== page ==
PIERRE | A federal board's Thursday decision to rename Harney Peak to Black Elk Peak surprised South Dakota's governor, but vindicated activists who unsuccessfully argued to state officials last year that the peak shouldn't bear the name of a man whose soldiers killed Native Americans.
The decision by the U.S. Board on Geographic Names will cause "unnecessary expense and confusion," Gov. Dennis Daugaard said Thursday in a statement. The governor said he's heard little support for renaming the peak, which is South Dakota's tallest and stands in the Black Hills National Forest.
"I suspect very few people know the history of either Harney or Black Elk," Daugaard said in a statement.
Black Elk was a Lakota spiritual leader who died in the mid-20th century.
"He's definitely a very powerful visionary that is at least deserving of the peak's name," said Wayne Frederick, a representative on the tribal council of the Rosebud Sioux Tribe in southern South Dakota. "It's extremely uplifting."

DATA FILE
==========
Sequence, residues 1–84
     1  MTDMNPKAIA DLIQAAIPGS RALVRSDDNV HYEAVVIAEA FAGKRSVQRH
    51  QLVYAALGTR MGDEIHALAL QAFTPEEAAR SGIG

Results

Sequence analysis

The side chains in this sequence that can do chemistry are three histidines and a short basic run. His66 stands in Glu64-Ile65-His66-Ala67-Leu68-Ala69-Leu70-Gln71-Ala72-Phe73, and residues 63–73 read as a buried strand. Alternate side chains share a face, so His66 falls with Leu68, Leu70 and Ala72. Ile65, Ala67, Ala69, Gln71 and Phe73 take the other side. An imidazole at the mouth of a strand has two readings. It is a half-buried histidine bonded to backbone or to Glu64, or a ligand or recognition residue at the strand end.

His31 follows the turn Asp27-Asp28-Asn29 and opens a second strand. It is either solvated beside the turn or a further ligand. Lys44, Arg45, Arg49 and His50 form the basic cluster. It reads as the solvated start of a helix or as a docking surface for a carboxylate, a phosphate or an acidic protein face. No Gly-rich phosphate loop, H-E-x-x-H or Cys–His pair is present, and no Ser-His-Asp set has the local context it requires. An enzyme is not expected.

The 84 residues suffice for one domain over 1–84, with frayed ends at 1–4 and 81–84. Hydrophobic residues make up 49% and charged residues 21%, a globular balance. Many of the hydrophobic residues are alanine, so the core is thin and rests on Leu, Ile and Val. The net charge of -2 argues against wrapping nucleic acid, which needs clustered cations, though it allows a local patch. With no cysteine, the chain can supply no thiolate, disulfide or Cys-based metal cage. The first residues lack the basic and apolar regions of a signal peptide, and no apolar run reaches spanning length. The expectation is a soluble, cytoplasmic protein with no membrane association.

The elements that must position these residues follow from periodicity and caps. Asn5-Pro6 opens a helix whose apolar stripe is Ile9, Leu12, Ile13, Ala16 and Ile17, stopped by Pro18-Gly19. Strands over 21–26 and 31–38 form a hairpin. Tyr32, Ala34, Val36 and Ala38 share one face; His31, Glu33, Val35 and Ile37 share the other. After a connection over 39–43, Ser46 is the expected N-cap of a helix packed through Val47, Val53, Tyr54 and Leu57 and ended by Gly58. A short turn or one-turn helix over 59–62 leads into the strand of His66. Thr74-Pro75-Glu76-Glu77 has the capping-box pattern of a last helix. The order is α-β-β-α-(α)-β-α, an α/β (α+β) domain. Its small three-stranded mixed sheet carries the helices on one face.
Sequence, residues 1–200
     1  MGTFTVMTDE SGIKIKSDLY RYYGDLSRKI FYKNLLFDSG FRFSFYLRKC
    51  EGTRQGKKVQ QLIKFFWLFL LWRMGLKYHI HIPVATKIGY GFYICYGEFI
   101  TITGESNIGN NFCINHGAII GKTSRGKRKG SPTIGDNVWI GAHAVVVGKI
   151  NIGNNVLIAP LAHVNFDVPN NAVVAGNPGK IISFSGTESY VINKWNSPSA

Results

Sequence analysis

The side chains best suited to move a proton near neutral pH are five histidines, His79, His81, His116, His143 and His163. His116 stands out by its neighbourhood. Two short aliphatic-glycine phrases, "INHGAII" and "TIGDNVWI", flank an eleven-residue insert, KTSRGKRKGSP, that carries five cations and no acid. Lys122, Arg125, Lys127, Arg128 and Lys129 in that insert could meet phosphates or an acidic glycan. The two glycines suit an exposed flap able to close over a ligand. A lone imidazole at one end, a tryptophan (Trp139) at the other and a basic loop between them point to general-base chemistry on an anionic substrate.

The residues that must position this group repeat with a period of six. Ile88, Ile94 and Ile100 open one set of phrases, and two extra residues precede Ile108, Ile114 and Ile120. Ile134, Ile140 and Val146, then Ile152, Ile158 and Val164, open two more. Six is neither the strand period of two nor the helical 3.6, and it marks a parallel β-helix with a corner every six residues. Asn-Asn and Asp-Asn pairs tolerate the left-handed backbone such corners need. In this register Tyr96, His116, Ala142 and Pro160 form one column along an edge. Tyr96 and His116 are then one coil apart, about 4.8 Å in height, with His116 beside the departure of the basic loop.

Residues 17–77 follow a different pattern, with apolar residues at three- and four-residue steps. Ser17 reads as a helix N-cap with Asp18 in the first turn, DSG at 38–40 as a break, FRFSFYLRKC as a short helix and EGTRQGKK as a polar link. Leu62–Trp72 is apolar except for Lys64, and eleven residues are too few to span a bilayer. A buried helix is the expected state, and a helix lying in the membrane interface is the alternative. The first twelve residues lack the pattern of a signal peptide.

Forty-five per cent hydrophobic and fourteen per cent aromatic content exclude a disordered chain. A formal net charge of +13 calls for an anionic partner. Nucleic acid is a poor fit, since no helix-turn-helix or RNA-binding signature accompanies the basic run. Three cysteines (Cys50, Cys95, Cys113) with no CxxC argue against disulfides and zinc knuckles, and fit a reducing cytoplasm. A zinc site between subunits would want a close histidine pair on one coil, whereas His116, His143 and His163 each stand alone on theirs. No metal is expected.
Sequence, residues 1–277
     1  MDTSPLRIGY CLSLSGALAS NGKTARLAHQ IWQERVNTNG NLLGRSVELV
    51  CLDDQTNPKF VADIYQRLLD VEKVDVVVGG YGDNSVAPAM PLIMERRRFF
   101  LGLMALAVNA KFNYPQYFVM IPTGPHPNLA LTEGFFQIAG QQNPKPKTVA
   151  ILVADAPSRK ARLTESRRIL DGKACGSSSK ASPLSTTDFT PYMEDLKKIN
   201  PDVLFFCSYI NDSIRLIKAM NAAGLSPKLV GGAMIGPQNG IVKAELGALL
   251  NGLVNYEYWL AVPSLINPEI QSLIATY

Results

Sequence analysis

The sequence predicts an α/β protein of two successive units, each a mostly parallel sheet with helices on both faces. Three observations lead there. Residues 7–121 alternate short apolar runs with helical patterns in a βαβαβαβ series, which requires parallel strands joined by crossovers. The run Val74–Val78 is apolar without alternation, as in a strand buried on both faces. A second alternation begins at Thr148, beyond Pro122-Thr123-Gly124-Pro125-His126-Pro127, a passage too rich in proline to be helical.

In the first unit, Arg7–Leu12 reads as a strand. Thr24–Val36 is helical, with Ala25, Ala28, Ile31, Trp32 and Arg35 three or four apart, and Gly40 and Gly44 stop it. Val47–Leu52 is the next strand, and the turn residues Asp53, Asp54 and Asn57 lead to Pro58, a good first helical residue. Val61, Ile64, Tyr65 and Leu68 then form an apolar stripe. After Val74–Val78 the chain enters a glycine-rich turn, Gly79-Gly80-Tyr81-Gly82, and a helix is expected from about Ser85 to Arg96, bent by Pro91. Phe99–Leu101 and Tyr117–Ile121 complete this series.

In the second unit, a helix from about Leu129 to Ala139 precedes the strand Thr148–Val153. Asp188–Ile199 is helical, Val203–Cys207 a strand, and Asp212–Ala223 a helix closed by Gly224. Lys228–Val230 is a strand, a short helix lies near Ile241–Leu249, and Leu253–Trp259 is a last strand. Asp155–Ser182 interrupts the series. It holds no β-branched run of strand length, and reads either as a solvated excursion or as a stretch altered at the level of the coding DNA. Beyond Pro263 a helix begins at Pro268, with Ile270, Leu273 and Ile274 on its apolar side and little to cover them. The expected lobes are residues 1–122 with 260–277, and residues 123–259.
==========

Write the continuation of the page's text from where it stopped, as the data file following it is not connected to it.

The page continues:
Frederick said he was in a council meeting all day, and when he learned of the change, he passed his phone around to several representatives near him. "They were in disbelief," he said.
The federal board determined from the input received that Harney Peak was concerning to Native Americans in the area, said Lou Yost, the board's executive secretary for domestic names. The vote was 12 in favor, none against and one abstaining, he said.
"In this case, the board felt that the name was derogatory or offensive being that it was on a holy site of the Native Americans," Yost said, adding that the change applies to federal usage on new maps or other products.
Army Gen. William S. Harney's men massacred Native American women and children during a battle in September 1855, according to historic records.
Some people last year argued to the state's Board on Geographic Names that Harney Peak was offensive and should be changed, but the board decided against backing a new name. Members of Daugaard's administration opposed efforts to have the name changed, and state lawmakers eventually approved a law in 2016 that limited the board's autonomy.
Republican U.S. Sen. John Thune said in a statement that the federal board's "unilateral" decision is upsetting and "defies logic" since it goes against state officials' recommendations.
Basil Brave Heart, a member of the Oglala Sioux Tribe, proposed the change to Black Elk Peak. Brave Heart didn't answer a telephone call for comment Thursday.
"I don't want to see a peak that's named after someone that violated women and children," Brave Heart said in 2015. "Our people had to live under that icon, that man who did that to our people."